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article imageVideo: Daredevil women stunt bikers ride 'Wall of Death'

By JohnThomas Didymus     Apr 30, 2012 in Entertainment
Ely - Kerri Cameron, 21, and Jaimi Tyrell, 19, are stunt riders, members of a Cambridgeshire-based team, The Ken Fox Troupe, who ride the "Wall of Death" on twin cylinder Indian motorcycles from the 1920s.
Thrill-Rider Blog reports the girls are known as the "Hell Riders." They ride motorbikes at high-speed on the vertical side of a barrel-like track, with no hands, no crash helmets or any other safety equipment. They reach speeds of up to 60 mph as they spin around the circular vertical track relying on centrifugal forces to keep their bikes from falling off the wall.
According to the Prescott-Hillclimb website, "Kerri rides the famous Indian motor cycle and also performs stunts with a Go-Kart. Her favorite stunt is Top Side, where she takes the motor bike to the top of the wall and then sits side-saddle whilst raising her arms above her head and looking at the audience."
The website quotes Kerri, saying, "The hardest thing for me was actually riding the wall for the first time. You start on a training track and then, when you’re ready, you have to tackle the wall. It is 18 feet high and you need to get to 40 mph to get on and then reach 60 mph to stay there and reach the top. I was petrified, but I did it and loved it."
Daily Mail reports Kerri has been riding on the Wall of Death for four years. She says: "It’s a fantastic thrill - it’s out of this world. People think we’re just a bit of flash - just here to look pretty. But when they see us on the wall the men realize we’ve got bigger balls than them. I got into it by accident. I used to work with horses, but the stables where I was closed down. So I searched for ‘horse riding’ at the Job Center and this job popped up."
She continued: "I thought it was stunt riding with horses so I applied. But when I turned up their wasn’t a pony in sight. I was thrilled when I saw them riding on the wall, so I thought I’d give it a go. I’d never ridden a motorbike before but it wasn’t long before I thought 'sod horses' - I just love the excitement of this. It takes lots of training - I did get dizzy to start with but I soon got used to it - you have to condition yourself against it. At the end of each show we ask the crowd to throw in a few coins towards our injury insurance fund – this is the scariest part of the day - I’ve already been hit on the head twice today!"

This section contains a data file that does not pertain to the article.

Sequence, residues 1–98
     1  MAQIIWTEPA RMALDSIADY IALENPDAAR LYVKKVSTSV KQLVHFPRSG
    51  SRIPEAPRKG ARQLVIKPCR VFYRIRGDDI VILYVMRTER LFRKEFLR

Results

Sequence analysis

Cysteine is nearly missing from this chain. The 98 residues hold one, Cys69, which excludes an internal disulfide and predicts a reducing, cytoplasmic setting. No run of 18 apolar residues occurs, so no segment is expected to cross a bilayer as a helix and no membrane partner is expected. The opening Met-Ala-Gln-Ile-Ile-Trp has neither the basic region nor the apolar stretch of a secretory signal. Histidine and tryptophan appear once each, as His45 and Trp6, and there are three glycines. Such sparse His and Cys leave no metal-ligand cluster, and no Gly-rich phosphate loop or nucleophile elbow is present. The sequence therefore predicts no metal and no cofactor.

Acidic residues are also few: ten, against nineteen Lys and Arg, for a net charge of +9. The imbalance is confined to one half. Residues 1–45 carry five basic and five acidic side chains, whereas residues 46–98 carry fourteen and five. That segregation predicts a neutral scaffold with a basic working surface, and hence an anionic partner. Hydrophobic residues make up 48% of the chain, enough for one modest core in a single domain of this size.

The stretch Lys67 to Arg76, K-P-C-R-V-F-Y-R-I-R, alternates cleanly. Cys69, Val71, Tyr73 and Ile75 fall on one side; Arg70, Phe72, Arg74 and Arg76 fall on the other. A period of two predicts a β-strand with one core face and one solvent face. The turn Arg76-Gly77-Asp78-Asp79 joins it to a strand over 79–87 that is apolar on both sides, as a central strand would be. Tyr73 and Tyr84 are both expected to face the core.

Her companion on the wall of death, Jaimi, said: "Apart from Kerri and I, there are only two other female riders in the world who do this - one in America and the other in Germany. We’re training another girl too, Fearless Frankie, so they’ll be three of us soon. Unfortunately, she can’t ride at the moment because she broke her foot falling off her bicycle! I fell off the other week and badly bruised my leg - but it’s only the second time I’ve come off in two years. My family have been friends with Ken for years. I gave up at school and have always wanted to do this. It’s such a totally different life - all my friends from school work in shops and offices - it so good to be on the road doing this."
According to Daily Mail, The Ken Fox Troupe is based in Ely, Cambridgeshire and has offices in Derbyshire. The troupe has a team of seven riders including Ken and his two sons Luke and Alex.
Daily Mail reports the Ken family has been riding the Wall of Death for generations. The show was first staged in the UK in 1929. Experienced riders ride twin cylinder Indian motorcycles from the 1920s while learners train on lighter modern Hondas.
Ken said: "Our riders need lots of get-up-and-go, and they must have a feeling for machinery - the girls are just as good as boys and they smell better too."
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